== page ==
I’d love for Poison to finally get their heads on straight and put out a new album so we could get a setlist change. Or at least for them to start pulling some lesser-played songs out of their catalog. These are great songs they play live now, but even if you haven’t seen Poison live before (which I hadn’t), you’ve already heard these songs a million times.

Def Leppard setlist

“Rock Rock (Till You Drop)”
“Rocket”
“Animal”
“Too Late For Love”
“Nine Lives”
“Love Bites”
“Rock On”
“Two Steps Behind” [acoustic]
“Bringin’ On The Heartbreak”
“Switch 625”
“Hysteria”
“Armageddon It”
“Photograph”
“Pour Some Sugar On Me”
“Rock Of Ages”
“Let’s Get Rocked”

AMAZING show from these guys. Just like Cheap Trick, the sound was very clean and they are both tied for the best live sounds I’ve heard yet. I loved the stage set up too and the big video screens they had playing throughout the show.

I was really looking forward to watching Vivian and Phil play and they did not disappoint. Def Leppard is a band of professionals and everyone sounded great all night long. I didn’t think Joe’s voice was that strong anymore in a live setting, but he proved me wrong (only once or twice did I hear his voice strain).

The setlist was great and nearly perfect for a first-timer seeing them live. My only beef is that they skipped over the Euphoria album, which was a surprising success in 1999, so I don’t see why they wouldn’t want to acknowledge it. “Promises” fits in with their classic material and I wish they would have played it. I also would’ve love to have heard “Man Love Like A Man” from Adrenalize. “Rock Rock (Till You Drop)” was a great choice to open the show. “Too Late for Love” was another highlight for me.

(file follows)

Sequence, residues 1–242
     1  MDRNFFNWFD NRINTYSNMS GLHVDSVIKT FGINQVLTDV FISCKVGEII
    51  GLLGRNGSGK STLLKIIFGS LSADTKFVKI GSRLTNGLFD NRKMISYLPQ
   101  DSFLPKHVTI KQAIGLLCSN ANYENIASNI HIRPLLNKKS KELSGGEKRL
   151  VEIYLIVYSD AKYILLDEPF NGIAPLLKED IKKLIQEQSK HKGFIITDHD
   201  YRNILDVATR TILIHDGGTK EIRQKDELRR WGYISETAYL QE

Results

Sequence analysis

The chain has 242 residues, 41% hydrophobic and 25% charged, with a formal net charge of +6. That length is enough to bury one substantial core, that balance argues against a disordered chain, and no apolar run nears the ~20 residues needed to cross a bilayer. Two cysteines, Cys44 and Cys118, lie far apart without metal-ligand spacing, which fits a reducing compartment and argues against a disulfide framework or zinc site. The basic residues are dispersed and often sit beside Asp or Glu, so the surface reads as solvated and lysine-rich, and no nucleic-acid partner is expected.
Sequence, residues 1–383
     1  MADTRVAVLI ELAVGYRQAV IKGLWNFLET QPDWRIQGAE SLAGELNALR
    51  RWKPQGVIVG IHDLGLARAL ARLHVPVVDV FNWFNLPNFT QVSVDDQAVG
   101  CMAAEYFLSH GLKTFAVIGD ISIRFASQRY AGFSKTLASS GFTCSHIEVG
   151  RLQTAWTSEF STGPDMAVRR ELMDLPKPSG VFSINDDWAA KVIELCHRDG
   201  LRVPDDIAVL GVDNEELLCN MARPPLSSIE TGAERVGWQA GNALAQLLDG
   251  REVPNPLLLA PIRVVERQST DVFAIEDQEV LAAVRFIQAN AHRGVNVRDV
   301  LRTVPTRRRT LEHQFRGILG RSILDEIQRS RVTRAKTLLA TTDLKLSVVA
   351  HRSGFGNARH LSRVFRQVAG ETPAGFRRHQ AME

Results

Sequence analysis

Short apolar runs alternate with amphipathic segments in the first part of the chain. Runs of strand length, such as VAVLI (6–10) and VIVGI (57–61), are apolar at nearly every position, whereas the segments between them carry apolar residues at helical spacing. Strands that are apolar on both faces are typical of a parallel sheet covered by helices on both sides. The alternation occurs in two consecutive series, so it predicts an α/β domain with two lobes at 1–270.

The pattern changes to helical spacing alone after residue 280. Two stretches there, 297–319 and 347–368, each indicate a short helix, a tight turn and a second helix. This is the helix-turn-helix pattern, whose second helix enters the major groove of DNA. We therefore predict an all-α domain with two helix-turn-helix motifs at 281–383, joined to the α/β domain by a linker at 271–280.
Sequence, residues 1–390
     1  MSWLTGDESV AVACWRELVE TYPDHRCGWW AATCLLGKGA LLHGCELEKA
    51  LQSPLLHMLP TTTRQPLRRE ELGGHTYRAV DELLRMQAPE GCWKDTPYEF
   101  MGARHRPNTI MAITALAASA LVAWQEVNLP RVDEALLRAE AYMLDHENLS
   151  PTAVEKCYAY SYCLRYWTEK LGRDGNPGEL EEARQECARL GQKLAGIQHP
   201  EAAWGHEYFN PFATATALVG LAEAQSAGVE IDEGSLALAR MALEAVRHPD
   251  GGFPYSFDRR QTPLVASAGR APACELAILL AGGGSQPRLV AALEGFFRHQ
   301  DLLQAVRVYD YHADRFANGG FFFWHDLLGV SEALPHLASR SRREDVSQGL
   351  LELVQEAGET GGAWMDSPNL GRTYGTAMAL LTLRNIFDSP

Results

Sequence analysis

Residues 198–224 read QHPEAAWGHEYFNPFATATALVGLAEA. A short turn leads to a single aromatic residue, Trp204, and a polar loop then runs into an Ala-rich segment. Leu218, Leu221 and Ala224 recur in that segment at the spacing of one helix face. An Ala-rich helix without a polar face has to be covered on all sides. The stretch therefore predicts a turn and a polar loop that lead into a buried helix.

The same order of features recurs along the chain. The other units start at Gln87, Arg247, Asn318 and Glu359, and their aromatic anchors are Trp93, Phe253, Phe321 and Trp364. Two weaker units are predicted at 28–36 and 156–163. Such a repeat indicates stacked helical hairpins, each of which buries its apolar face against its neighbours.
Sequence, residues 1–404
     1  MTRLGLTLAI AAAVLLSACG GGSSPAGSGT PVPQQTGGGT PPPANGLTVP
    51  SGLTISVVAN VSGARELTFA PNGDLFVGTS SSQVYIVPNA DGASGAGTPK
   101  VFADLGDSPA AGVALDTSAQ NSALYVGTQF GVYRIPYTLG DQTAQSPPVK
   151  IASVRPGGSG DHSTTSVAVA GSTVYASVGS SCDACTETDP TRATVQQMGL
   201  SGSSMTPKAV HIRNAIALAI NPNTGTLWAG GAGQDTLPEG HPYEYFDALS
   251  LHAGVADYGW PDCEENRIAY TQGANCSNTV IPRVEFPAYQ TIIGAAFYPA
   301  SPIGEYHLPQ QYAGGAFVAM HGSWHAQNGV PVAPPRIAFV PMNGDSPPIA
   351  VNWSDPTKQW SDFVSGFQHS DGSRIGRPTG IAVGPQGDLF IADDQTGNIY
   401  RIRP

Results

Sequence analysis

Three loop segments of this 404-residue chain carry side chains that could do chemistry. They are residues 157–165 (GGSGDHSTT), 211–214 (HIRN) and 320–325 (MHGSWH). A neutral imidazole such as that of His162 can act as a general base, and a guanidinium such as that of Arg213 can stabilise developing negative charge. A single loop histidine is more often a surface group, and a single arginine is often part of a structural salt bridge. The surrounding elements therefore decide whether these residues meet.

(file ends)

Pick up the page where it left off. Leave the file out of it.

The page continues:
This whole tour is definitely one worth seeing. The tickets can be a little pricey (definitely more so than last week’s Judas Priest/Whitesnake show) but it’s money well spent to see these three bands play. All three are great live acts.

CHEAP TRICK – At Budokan

Cheap Trick – At Budokan (1979, Epic Records)

1. “Hello There” … 2:27
2. “Come On, Come On” … 3:17
3. “Lookout” … 3:01
4. “Big Eye” … 3:55
5. “Need Your Love” … 8:46
6. “Ain’t That A Shame” … 5:09
7. “I Want You To Want Me” … 3:45
8. “Surrender” … 4:25
9. “Goodnight” … 3:08
10. “Clock Strikes Ten” … 4:01

Band:
Robin Zander – Vocals, Guitar
Rick Nielsen – Guitar
Tom Petersson – Bass
Bun E. Carlos – Drums

Produced by: Cheap Trick

Another live album where it just happened to be my first exposure to the band. Of course, I was already familiar with most of Cheap Trick’s biggest singles. I was interested in hearing an album from them so I went with their most legendary release, which had done wonders for the band’s popularity (much like Alive! did for KISS) upon its release.

This album didn’t convert me into a huge Cheap Trick fan or convince me to pick up any of their other releases, but it’s still a fine release and I suppose every rock fan should at least listen to this album once just to form their own opinion on one of rock’s most famous albums. It’s hard to argue with catchy energetic songs like “Big Eye”, “I Want You To Want Me” and “Surrender”.

“Need Your Love” is my favorite track from this album. Sounds like an obvious influence for some of the trippy poppy stuff Stone Temple Pilots would do in the 90s.

Highlights: “Big Eye”, “Need Your Love”, “Ain’t That A Shame”, “I Want You To Want Me”, “Surrender”